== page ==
Studies on the transfer of IncIα plasmids in Escherichia coli K-12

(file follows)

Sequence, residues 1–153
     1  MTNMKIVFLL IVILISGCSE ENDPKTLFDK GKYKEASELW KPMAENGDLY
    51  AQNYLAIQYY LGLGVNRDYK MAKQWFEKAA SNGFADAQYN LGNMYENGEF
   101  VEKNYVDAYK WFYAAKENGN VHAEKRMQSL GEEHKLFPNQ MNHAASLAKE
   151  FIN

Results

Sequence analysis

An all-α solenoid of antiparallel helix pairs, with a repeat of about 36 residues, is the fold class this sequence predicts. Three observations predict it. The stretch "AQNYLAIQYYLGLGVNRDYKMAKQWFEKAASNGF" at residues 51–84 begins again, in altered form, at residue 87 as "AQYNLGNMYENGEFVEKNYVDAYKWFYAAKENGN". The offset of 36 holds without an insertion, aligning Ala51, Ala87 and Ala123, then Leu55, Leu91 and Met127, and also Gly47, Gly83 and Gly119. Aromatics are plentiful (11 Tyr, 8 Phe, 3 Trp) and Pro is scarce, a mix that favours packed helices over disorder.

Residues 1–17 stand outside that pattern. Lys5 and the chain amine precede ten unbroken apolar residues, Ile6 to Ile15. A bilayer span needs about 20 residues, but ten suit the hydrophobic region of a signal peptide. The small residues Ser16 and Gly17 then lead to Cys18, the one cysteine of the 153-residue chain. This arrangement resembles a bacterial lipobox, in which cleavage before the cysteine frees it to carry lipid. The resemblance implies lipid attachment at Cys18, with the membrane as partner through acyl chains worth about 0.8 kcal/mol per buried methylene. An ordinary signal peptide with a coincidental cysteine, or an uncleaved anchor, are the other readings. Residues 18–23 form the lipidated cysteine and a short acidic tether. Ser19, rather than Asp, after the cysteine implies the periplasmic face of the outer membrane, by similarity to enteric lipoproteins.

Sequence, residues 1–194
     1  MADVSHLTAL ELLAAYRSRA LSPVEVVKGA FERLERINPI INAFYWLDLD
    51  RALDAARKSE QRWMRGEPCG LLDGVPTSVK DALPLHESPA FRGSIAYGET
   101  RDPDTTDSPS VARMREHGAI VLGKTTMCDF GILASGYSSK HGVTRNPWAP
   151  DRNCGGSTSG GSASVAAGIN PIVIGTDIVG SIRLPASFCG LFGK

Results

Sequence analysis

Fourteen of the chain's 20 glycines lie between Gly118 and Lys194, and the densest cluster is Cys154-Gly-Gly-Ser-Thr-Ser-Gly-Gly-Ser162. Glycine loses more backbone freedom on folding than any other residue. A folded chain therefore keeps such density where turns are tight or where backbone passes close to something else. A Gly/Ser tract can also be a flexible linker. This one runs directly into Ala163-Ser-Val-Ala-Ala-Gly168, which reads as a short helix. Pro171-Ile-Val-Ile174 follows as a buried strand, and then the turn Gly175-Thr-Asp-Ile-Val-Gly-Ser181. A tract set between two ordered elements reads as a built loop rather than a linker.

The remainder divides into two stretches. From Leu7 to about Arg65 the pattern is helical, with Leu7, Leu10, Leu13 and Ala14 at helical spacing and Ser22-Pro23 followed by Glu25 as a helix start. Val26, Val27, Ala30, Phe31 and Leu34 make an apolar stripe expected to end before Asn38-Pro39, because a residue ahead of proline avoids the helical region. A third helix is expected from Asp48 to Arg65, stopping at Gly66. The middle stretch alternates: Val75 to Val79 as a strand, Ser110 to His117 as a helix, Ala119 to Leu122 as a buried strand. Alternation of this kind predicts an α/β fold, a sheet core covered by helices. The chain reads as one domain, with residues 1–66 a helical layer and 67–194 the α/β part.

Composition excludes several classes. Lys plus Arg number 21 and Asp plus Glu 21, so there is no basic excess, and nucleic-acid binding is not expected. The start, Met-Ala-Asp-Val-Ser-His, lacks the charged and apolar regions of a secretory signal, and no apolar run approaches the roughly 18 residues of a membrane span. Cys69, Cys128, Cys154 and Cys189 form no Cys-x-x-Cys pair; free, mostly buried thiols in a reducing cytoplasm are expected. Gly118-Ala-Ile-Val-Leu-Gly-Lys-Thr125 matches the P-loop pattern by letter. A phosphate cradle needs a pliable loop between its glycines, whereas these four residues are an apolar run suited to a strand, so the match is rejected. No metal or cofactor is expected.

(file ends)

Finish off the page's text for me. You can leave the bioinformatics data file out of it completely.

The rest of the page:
The studies concern the mechanism that primes the synthesis of DNA complementary to the strand of DNA that is transferred during IncIalpha plasmid-mediated conjugation. This DNA synthesis was found to be independent of the two defined priming enzymes of the host bacterium, RNA polymerase and primase. It is proposed that the synthesis is initiated by a novel priming enzyme which is specified by the plasmid and supplied by the donor parent. It was found that rifampicin, an inhibitor of RNA polymerase, has complex effects on mating bacteria. Rifampicin treatment of recipients enhanced plasmid transfer from drug-resistant donors, implying that the amount of DNA transferred is normally limited by the synthesis of a plasmid-specified product made in newly infected recipients. Enhanced transfer occurring in rifampicin-treated matings has been exploited to search for intermediates of transfer. The results show that the transferred material, isolated from recipients, is the same size as the parental plasmid. In previous studies it was claimed that transfer of IncIalpha plasmids was inhibited by rifampicin. It is shown that rifampicin-treatment of donors allowed transfer to proceed normally for about 10 min when it stopped abruptly. Cessation of transfer correlated with an abrupt disruption of conjugal DNA synthesis in donor cells. The inhibitory effect of rifampicin on Incl plasmid transfer may result from a side effect of the drug on DNA metabolism, rather than a direct result of inhibiting RNA polymerase. Previous models for IncI plasmid transfer, involving a requirement for rifampicin-sensitive synthesis of an untranslated RNA molecule in the donor, have been reevaluated. In an attempt to understand the molecular bases of these phenomena, a genetic analysis of IncIalpha plasmids was initiated.